• Easy-to-use bridge
  • Locking tuners
  • Tall frets
  • Wide nut
  • Short scale
  • Comfortable neck
  • Comfortable fretboard

Hand Size Comfortability

After taking into account the neck profile, scale size, fretboard radius, and nut width, we can conclude that the Sire Larry Carlton L7's construction favors people with relatively small hands.

Nevertheless, this comes down in the end to personal preference. Make sure you test this guitar—or another one with similar characteristics—before buying.

Big Hands
Balance
Small hands

Scale Length

Scale length is the distance the strings will span between the bridge and the nut. It can tell you a lot about the overall playability and tone of the instrument. A longer scale length means longer distance between frets, brighter tone and more string tension—which means lower action, but more difficult bending of the strings.

Here's the Sire Larry Carlton L7's 24.75" scale length compared to other common sizes:

Sire Larry Carlton L7 Scale Length Comparison
Sire Larry Carlton L7's scale length (at the top) compared to other popular sizes

This is the scale length used in most Gibson guitars. If you like the playability of a Gibson, this guitar will feel pretty similar. It's a lot shorter than the typical Stratocaster (25.5'')

As you can see from the picture above, a shorter scale length also means shorter separation between frets. If you got really small hands, you probably will feel more comfortable playing this guitar than a Fender Stratocaster.

This scale length also allows for easier bends and vibratos because the strings will have lower tension due to the shorter scale.

Finally, another thing affected by scale length is tone. A shorter scale will give less room for the harmonics, thus resulting in a warmer, more 'bassy' tone.

Still, remember that you string gauge plays an important part in all of this. A lighter gauge will make it easier to perform bends, vibratos and will also give you a brighter tone.

More guitars with the same scale length:

Neck Profile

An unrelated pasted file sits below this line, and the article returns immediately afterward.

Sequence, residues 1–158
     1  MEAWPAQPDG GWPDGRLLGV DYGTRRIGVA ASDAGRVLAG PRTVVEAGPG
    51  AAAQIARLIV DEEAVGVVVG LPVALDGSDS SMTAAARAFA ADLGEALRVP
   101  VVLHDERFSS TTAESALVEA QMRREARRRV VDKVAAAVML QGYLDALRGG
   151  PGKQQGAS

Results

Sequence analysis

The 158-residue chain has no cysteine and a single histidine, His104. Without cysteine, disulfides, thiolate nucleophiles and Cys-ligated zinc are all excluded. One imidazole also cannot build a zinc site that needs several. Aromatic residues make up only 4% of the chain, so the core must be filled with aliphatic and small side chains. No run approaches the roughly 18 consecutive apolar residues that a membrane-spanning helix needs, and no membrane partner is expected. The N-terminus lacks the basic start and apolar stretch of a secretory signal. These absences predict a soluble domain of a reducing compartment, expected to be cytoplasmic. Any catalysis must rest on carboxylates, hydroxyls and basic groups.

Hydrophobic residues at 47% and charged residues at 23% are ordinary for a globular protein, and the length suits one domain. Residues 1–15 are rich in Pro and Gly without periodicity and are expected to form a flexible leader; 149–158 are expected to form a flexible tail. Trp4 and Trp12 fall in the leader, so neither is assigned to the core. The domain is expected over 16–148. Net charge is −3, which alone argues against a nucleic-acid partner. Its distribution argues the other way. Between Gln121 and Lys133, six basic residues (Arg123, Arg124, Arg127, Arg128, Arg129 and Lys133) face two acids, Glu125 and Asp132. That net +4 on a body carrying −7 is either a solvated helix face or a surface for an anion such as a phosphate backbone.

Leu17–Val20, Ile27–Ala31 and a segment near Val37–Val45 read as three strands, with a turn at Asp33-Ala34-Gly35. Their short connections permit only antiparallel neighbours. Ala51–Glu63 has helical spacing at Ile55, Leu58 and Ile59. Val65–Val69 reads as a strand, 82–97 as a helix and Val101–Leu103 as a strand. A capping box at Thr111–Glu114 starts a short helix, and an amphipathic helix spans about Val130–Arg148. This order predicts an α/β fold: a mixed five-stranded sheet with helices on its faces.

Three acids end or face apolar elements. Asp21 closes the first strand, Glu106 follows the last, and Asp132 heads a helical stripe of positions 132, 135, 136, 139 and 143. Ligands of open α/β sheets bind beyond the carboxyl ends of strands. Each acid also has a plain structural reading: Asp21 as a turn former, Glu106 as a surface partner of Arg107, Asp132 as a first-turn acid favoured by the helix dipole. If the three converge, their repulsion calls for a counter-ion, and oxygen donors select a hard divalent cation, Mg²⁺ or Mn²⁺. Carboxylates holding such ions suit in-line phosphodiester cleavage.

Sire Larry Carlton L7 Neck Profile
Sire Larry Carlton L7's neck profile

The neck profile tells you the thickness (neck depth) and shape in cross section. Every difference will completely change the feeling and comfortability of the neck. This is a highly subjective thing, but most players indeed prefer certain types of necks (like Cs and Ds) because they feel nice in most hands.

The Sire Larry Carlton L7's neck thickness is approximately 0.9'' (22.9mm) at the first fret, and 0.94'' (23.9mm) at the twelfth.

These measurements were taken either from the official Sire website, or, in case this information wasn't provided, by researching multiple online marketplaces and forums where owners of this model have posted their measurements.

It has a C type neck. C-shaped necks like this have been the most popular for the last years. The reason is that they feel good in most hands. It's generally a thin neck that doesn't get in your way when playing fast, but that also has enough mass to give your hands a comfortable grip for chords if they aren't too big.

Thin necks like this make it easier to move your hand across the neck and it helps when playing fast solos, especially if you like to leave your thumb free while playing high on the fretboard. However, thinner necks are also weaker and will need adjustment more often than a thicker neck.

More guitars for different hand sizes

Fretboard Radius